Habitat preference of Drosophila suzukii across heterogeneous landscapes

  • Giacomo SantoiemmaEmail author
  • Fabio Trivellato
  • Valentino Caloi
  • Nicola Mori
  • Lorenzo Marini
Original Paper


In temperate regions, generalist insect pests are expected to use multiple habitats and host plant species over the different seasons. Landscape composition and configuration can also provide a diversity of thermal resources and host plants that can modify insect activity and movement. Here, we described the seasonal spatial distribution of a destructive invasive pest, spotted wing drosophila (SWD), along a gradient of landscape composition (i.e. proportion of forest habitat) and configuration (i.e. length of forest edge). We selected a triplet of habitat patches (forest, vineyard and grassland) in 17 landscapes in North-eastern Italy characterised by different proportions of forest and forest edge length and monitored pest activity density for 1 year. We found that during the cold season, SWD mostly occupied forest habitats, which were suitable overwintering sites due to ideal microclimatic conditions. During plant-growing season, SWD occurred equally in the three habitats, probably due to warmer temperatures in open areas as well as high food and host availability. In summer, when high temperatures can be limiting, landscapes with large forest edge length presented an increase in activity density compared to landscapes with less amount of edges, irrespective of the total cover of forest. Large edge length indicated landscapes with high contact zones between forest and open habitats, probably favouring spillover of individuals in SWD. In the light of these results, pest control in crop fields located in landscapes with complex configurations can be particularly challenging. The high density in non-crop habitats suggests that this invasive species can have pervasive impact also on wild plant species occurring in semi-natural and natural habitats.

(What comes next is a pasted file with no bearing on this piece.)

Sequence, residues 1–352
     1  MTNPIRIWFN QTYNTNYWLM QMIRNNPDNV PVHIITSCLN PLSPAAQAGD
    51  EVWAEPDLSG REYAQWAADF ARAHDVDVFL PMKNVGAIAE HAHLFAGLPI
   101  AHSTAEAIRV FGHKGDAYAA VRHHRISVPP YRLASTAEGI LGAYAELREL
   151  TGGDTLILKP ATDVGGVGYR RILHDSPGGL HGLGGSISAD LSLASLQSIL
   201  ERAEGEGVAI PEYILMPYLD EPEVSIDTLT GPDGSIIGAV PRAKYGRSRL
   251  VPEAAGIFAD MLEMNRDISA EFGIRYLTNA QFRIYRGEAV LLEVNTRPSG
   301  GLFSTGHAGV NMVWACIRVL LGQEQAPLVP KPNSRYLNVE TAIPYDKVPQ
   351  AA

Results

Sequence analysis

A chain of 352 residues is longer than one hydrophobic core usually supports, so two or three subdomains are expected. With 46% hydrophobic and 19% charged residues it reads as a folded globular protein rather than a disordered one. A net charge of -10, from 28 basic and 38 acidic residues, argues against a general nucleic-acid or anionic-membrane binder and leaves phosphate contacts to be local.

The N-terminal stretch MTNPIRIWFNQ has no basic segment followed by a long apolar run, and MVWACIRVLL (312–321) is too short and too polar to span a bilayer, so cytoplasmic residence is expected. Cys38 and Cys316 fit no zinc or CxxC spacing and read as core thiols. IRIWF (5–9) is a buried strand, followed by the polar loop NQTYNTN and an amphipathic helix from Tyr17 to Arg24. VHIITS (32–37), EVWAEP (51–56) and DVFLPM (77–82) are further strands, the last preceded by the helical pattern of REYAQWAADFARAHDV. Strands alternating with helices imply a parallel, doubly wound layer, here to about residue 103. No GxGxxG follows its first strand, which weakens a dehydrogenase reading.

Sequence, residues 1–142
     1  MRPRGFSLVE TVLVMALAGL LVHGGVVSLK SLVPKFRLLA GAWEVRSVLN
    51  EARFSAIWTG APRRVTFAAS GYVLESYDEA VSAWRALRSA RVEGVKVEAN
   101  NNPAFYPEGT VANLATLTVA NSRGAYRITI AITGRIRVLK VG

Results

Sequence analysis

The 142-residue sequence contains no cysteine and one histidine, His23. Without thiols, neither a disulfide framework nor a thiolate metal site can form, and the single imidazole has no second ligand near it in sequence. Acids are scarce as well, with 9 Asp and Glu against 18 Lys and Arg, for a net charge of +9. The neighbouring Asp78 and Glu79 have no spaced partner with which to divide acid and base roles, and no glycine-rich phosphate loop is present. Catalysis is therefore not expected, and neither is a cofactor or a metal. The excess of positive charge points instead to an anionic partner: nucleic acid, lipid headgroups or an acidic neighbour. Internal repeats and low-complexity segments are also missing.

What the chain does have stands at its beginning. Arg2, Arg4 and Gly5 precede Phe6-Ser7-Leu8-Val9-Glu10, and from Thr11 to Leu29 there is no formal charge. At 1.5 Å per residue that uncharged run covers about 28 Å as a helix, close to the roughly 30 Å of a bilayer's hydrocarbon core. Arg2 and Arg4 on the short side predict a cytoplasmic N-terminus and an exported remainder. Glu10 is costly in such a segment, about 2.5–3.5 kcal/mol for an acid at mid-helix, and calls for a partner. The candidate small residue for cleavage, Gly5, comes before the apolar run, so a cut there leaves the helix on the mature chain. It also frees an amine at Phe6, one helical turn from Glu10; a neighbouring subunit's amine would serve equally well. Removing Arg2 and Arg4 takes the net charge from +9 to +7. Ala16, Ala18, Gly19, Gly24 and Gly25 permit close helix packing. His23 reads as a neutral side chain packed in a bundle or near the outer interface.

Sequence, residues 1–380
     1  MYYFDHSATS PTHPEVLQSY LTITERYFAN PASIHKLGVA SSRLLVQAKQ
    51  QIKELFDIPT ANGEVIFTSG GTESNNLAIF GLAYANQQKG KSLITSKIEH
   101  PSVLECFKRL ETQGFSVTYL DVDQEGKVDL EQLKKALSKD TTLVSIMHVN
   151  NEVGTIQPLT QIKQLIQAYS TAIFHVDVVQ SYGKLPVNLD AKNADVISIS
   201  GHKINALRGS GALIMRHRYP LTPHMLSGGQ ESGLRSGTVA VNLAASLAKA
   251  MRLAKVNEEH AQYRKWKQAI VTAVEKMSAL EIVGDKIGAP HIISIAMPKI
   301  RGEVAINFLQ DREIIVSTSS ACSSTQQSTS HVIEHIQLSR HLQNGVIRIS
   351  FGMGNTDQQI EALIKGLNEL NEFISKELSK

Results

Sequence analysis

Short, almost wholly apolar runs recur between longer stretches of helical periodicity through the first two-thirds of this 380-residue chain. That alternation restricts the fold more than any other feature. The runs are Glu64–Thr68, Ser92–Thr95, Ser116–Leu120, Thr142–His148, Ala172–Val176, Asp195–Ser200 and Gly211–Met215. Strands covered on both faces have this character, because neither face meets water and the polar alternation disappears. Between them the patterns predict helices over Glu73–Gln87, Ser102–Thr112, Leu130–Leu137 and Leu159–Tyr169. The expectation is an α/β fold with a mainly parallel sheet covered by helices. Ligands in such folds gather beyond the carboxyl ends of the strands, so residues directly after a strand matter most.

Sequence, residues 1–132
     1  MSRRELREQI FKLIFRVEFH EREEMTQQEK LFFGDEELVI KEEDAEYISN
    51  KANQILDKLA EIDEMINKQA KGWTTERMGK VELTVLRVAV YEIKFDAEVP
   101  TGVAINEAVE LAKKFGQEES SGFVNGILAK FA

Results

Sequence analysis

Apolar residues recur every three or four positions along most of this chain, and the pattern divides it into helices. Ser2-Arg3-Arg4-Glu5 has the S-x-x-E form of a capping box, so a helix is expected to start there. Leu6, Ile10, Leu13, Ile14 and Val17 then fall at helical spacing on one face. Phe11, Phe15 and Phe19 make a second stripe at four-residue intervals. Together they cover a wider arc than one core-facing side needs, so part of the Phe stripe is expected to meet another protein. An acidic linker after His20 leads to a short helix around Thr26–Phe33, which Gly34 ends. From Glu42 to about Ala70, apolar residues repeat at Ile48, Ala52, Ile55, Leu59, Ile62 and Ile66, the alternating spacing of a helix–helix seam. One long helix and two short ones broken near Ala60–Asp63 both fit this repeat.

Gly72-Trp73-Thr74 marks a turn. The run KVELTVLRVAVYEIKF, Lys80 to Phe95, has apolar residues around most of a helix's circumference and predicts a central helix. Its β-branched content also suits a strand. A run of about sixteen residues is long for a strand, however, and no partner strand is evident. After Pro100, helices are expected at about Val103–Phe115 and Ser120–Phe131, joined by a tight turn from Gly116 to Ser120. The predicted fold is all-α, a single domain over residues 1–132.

Forest Invasive pest Landscape configuration Spillover Vineyard 



We are grateful to the farmers who allowed us to carry out the experiments on their land. We thank Bioibérica S.A. Company and Michele Brardinelli for providing Suzukii Trap® attractant. We thank three anonymous reviewers for providing insightful comments that improved the manuscript.


This work was supported by the European Union’s Seventh Framework Programme for Research, Technological Development and Demonstration, DROPSA [Grant Number 613678]. GS received a grant from Aldo Gini Foundation (Padova).

Compliance with ethical standards

Conflict of interest

The authors declare that they have no conflict of interest.

Human and animal rights

This article does not contain any studies with human participants or animals (vertebrates) performed by any of the authors.

Supplementary material

10340_2018_1052_MOESM1_ESM.docx (105 kb)
Supplementary material 1 (DOCX 105 kb)


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Authors and Affiliations

  1. 1.DAFNAE-EntomologyUniversity of PadovaLegnaroItaly

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